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From thomas <>
Subject Re: Spring "web flow" vs Cocoon Flow/Continuations
Date Fri, 13 May 2005 10:30:27 GMT

--On Freitag, 13. Mai 2005 12:07 Uhr +0200 Sylvain Wallez 
<> wrote:

> 3 years ago, the cocoon devs were discussing "flow maps", and addition to
> the sitemap to define page flow using an XML grammar. We always ended up
> with verbose XML languages having control structures (the infamous "if"),
> and then some people came with continuations, at first is Scheme (a Lisp
> dialect - eck!) and then Javascript, and later pure Java.
> Having a real programming language allow to *very easily* write complex
> page flows, as you can use all the language's features for control
> structures, and simply use regular variables to store the interaction
> state. Amazingly easy and powerful.
> The main advandage I see to a declarative approach is that it allows to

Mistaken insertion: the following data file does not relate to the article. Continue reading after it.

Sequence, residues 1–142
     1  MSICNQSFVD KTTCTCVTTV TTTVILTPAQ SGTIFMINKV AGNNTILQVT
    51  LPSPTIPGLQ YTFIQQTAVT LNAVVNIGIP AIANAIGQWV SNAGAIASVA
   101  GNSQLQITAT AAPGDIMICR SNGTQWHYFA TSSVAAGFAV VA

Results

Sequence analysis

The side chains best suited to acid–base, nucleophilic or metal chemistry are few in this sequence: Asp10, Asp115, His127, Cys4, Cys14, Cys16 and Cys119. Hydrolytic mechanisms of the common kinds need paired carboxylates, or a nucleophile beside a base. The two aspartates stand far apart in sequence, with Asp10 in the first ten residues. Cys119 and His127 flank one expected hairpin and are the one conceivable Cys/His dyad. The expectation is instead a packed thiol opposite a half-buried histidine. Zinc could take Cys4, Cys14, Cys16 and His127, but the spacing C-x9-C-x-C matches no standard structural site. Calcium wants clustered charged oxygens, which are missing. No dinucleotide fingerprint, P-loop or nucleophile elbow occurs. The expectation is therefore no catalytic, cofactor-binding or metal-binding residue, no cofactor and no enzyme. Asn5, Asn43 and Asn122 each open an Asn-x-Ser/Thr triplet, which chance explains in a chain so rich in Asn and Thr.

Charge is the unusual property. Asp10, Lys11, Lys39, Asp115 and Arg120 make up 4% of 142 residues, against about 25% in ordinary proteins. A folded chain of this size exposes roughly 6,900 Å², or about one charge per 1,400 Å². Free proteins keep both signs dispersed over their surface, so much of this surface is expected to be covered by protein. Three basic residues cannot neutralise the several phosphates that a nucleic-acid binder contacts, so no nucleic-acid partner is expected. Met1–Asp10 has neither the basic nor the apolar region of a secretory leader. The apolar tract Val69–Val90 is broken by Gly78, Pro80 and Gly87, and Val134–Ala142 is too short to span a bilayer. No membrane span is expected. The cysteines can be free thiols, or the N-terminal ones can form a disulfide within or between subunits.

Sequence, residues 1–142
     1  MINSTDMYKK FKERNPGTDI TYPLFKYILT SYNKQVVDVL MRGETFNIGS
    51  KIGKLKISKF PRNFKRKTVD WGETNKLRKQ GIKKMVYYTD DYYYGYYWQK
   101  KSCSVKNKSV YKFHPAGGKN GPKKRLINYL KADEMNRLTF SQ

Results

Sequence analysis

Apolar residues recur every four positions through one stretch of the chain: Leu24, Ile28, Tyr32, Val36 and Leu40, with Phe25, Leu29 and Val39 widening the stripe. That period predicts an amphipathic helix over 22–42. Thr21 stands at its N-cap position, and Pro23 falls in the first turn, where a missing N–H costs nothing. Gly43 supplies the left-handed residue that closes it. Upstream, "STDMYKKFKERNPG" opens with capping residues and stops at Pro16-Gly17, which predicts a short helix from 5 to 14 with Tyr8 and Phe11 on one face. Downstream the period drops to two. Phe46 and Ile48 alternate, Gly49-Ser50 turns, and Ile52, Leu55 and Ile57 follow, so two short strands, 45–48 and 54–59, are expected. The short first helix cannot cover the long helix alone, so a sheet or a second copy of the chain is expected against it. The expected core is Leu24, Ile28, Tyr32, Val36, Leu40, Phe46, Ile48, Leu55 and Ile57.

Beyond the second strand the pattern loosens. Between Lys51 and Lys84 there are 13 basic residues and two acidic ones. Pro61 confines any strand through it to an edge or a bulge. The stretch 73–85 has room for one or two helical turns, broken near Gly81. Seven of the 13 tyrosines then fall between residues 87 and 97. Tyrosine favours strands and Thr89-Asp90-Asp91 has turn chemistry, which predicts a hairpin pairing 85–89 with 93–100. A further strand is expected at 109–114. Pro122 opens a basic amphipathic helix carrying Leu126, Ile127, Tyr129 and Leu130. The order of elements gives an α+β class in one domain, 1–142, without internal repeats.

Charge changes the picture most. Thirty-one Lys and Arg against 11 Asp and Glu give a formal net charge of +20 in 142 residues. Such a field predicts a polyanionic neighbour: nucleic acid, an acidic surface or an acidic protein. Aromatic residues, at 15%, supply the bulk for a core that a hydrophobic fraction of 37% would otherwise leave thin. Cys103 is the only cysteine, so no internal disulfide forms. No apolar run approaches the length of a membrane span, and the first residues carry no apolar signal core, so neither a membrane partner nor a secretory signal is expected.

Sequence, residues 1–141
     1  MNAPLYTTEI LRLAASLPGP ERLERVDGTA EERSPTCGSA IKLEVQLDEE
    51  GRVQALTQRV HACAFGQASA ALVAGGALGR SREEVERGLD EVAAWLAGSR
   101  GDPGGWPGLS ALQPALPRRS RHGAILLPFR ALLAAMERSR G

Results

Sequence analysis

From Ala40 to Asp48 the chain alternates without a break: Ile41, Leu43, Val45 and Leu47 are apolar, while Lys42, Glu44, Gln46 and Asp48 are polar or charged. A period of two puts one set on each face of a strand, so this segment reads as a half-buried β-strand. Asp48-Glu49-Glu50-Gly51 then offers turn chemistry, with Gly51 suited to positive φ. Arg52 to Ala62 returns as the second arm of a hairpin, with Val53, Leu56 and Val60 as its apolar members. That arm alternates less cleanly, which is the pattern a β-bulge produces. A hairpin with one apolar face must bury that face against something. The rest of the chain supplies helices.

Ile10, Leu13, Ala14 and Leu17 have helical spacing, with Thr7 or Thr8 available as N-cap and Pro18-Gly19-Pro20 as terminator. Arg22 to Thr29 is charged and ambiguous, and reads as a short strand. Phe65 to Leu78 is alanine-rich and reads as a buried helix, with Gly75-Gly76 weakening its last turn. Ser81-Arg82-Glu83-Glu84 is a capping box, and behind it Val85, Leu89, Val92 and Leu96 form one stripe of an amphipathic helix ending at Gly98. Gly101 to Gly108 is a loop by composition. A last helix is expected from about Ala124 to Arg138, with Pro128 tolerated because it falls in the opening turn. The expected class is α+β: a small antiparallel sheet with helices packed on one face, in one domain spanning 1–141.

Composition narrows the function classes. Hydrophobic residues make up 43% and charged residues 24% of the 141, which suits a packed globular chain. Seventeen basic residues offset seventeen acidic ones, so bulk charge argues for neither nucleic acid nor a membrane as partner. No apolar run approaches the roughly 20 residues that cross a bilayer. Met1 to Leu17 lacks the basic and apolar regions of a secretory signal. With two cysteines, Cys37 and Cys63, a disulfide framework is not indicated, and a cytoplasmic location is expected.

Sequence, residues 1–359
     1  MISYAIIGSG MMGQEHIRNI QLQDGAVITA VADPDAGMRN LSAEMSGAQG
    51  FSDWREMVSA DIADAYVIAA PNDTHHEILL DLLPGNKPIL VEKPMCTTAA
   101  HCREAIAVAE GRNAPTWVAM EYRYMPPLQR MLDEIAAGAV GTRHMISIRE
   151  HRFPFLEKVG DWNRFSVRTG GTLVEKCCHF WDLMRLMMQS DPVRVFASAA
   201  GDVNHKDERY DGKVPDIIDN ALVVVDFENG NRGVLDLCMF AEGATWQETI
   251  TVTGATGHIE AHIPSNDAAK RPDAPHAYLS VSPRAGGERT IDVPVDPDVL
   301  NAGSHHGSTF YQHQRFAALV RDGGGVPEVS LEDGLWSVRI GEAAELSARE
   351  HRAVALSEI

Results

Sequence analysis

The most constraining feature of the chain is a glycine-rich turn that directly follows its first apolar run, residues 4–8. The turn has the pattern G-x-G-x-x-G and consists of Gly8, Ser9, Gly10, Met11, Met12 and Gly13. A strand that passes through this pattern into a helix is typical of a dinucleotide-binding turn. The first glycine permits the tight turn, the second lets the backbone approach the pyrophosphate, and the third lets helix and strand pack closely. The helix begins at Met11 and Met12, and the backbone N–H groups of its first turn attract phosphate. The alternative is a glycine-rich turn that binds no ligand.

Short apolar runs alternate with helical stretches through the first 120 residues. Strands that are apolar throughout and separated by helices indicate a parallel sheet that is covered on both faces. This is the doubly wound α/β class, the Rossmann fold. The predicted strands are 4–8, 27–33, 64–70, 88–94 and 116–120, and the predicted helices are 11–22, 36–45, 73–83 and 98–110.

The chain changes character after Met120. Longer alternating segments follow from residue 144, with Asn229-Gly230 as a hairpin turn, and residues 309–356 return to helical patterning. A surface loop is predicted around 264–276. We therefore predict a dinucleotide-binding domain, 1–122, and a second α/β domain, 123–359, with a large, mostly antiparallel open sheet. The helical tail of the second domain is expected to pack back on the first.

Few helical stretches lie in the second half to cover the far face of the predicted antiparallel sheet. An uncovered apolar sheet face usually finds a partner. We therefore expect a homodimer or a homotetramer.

> build visual tools (i.e. graphical editors) to design the flow. But the
> underlying XML files are very likely to be a real mess in realworld
> complex use cases.
> Note however that Cocoon's flow engine is pluggable and that we have 3
> versions of it today:
> - flowscript, using Javascript to define the flow (business logic should
> be kept in Java)
> - javaflow, a pure java implementation
> - apples, an experimental implementation (used in Daisy IIRC) which may
> be actually closer to Spring's approach.

as i understood it the results of a flowscript-operation don't generate 
sax-events. so you can use flowscript only at the end of a pipeline. is 
that true? and is it equally true for all 3 flow-implementations mentioned 
above? in that case i would think that some logic within the sitemap (the 
infamous "if") wouldn't be so bad (for very comlex problems one could still 
decide to leave the sax-stream and use flows). but i might very well 
overlook something obvious or essential.

thanks for your time,

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